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Belay loop and PAS
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By Josh Allred
From Salt Lake City, UT
Dec 6, 2011
P3 on Nutcracker.

Do manufacturers approve of using a PAS girthed around your belay loop or do you have to use the two tie in points?

We were wondering if it would be less strong or if add to wear and tear.


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By Josh Allred
From Salt Lake City, UT
Dec 6, 2011
P3 on Nutcracker.

www.arcteryx.com/pdf/Harness-Hangtag-Web.pdf

Might of found my answer. 3 page on the right hand column.


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By J. Surette
From Denver, CO
Dec 6, 2011

I asked this same questions to Metolius last year and this was their response.

It is perfectly fine to attach the PAS to your harness either way. I prefer to attach to the belay loop when doing single pitch and I girth hitch it through the tie in points when doing multi pitch.

Thank you for contacting us directly. The internet gear forums unfortunately disseminate massive quantities of inaccurate information. Always contact the OEM for proper use instructions.


Best regards,

Pat Carr
Metolius Customer Service


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By bearbreeder
Dec 6, 2011

J. Surette wrote:
The internet gear forums unfortunately disseminate massive quantities of inaccurate information. Always contact the OEM for proper use instructions.


im sure there will be a lot of denials ;)


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By RedRockRat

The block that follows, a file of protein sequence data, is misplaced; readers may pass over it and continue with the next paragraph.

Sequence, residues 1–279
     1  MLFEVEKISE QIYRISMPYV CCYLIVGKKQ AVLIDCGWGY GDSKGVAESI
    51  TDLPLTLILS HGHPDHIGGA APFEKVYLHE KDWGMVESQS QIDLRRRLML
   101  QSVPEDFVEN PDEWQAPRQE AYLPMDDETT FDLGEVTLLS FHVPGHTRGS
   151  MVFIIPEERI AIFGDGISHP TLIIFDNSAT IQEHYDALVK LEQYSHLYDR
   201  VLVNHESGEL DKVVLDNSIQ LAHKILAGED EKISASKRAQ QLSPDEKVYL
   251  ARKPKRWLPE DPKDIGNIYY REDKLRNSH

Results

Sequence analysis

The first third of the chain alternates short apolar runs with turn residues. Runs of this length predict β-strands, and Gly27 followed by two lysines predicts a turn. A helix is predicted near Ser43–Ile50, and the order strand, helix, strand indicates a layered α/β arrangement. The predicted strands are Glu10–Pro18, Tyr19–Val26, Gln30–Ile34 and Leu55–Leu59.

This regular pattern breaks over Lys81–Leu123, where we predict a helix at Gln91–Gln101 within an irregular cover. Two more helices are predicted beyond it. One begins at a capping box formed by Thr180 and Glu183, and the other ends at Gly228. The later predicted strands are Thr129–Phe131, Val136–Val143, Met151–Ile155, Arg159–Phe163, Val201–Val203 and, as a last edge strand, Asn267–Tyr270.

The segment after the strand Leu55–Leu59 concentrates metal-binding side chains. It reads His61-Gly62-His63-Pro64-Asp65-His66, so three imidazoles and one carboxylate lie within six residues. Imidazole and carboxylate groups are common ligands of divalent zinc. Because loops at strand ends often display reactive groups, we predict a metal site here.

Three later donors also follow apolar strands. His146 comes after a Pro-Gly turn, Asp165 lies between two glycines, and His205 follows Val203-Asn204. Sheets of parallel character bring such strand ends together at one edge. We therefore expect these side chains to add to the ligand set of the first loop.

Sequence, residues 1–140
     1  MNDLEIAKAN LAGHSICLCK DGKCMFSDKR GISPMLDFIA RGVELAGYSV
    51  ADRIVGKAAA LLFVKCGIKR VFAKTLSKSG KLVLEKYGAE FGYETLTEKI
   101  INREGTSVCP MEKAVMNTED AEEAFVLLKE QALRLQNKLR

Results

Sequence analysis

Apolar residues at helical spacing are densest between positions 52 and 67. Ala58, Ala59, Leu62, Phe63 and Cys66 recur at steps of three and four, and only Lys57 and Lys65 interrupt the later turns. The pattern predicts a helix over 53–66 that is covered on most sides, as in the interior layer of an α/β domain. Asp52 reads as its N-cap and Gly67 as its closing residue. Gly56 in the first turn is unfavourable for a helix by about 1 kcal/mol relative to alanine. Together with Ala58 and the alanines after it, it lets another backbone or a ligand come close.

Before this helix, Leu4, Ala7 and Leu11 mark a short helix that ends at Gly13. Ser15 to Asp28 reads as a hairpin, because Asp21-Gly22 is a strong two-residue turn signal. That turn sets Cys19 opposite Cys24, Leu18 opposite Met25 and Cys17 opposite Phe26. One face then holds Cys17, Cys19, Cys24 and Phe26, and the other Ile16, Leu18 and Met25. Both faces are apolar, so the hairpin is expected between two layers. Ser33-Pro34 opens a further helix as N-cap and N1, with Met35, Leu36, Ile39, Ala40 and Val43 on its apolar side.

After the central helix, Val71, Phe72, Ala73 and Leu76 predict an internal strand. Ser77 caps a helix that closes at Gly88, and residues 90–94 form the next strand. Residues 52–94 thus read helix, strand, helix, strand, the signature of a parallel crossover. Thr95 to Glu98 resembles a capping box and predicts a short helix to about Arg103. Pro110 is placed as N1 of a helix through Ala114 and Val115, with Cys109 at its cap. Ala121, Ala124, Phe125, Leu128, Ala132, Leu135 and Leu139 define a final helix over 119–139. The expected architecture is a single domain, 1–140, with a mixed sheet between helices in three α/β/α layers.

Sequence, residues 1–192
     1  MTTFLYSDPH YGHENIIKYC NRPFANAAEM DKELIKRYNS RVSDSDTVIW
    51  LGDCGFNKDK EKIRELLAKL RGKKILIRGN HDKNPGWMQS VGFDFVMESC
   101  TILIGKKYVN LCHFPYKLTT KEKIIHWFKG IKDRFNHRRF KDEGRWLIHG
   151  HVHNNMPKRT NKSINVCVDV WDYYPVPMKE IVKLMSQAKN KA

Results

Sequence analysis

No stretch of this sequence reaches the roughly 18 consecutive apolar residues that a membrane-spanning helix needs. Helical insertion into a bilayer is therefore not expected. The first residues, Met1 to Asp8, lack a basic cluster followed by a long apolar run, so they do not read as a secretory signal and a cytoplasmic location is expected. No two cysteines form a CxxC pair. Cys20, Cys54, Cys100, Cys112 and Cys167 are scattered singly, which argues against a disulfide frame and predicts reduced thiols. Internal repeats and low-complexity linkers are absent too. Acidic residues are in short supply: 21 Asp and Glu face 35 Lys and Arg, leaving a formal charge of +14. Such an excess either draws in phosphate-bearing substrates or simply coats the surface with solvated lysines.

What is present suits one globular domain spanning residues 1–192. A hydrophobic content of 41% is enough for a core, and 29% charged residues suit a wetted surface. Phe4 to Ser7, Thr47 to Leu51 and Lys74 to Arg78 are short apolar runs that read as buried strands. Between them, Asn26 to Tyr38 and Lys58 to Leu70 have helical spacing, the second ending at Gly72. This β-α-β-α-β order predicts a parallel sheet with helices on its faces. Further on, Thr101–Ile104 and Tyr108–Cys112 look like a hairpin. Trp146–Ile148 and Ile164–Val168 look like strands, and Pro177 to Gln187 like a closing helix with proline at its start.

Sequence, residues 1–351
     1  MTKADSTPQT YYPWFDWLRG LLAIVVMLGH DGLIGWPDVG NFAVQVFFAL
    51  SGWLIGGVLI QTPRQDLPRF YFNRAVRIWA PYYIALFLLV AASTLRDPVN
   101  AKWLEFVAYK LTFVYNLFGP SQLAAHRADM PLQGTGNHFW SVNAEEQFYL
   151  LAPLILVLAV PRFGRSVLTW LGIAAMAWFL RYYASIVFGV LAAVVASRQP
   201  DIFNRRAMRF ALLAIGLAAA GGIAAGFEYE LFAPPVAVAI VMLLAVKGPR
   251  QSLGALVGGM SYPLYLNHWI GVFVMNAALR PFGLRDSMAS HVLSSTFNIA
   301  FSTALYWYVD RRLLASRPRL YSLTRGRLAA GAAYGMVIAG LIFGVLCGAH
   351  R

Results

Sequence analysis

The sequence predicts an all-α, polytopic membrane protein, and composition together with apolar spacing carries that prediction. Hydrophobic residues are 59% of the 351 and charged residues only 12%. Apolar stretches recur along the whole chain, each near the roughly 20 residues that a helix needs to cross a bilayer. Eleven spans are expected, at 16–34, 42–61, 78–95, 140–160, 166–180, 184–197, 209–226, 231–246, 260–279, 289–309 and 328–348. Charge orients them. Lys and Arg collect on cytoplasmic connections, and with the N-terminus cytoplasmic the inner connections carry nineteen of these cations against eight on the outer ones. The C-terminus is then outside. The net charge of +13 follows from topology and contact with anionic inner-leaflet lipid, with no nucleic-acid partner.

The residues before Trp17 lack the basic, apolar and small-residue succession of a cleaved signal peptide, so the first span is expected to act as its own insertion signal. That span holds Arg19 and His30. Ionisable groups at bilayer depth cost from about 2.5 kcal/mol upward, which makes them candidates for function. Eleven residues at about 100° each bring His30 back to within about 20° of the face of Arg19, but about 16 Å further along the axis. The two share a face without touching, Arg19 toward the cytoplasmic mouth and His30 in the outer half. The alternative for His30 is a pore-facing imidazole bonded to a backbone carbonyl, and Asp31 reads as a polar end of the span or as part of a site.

Dec 6, 2011
All I survey. <br />

TO the best of my knowledge most manufactures recommend using your two tie in points for any self anchoring system. The use of a belay loop to connect a PAS, Daisy, or sling to a master point seems to cause serious strain on the bar tacks.
This said I generally see one in three people with it around their belay loop.

If you want to put it there consider backing up the loop with a piece of 5ish mil cord. Give you a few extra kN.


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By mike526
From schaumburg
Dec 6, 2011

I thought i heard some where that the way Todd Skinner was killed was from his anchor rubbing through the belay loop over the years.

correct me if i'm wrong


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By Jake Jones
From Richmond, VA
Dec 6, 2011
Me and the offspring walking back to the car after a day of cragging.

I only use one for single pitch stuff. If I'm doing multipitch I anchor in with the rope. It's strong, simple, and less static than a PAS. I girth hitch my PAS to my belay loop. I tried girthing it through my tie in points but it scrunched my points together like hanging on a rope and was uncomfortable. Probably not the best reason to not use the tie in points, but whatever.

It's important to note that a PAS is not designed to take a dynamic load. If you use one, don't use it for any type of protection. When I anchor in, I weight it slowly and keep it weighted. I still like it better than a daisy though because each loop is rated for 18kn if I remember correctly. If you check your belay loop regularly for wear which you should anyway, it's a good piece of gear in certain scenarios, just like most other gear. Some people love 'em, some people hate 'em.


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By Andy Novak
From Golden, Co
Dec 7, 2011
Living the High Life.

muttonface wrote:
It's important to note that a PAS is not designed to take a dynamic load. If you use one, don't use it for any type of protection. .


Are you sure? I was under the impression you could use a PAS as a regular runner in a pinch? Please correct me if I'm wrong. Thanks.


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By Matt N
From Santa Barbara, CA
Dec 7, 2011
OTL

Andy Novak wrote:
Are you sure? I was under the impression you could use a PAS as a regular runner in a pinch? Please correct me if I'm wrong. Thanks.


psst - your rope is the dynamic link.


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By JasonMills
From Albuquerque, NM
Dec 7, 2011

mike526 wrote: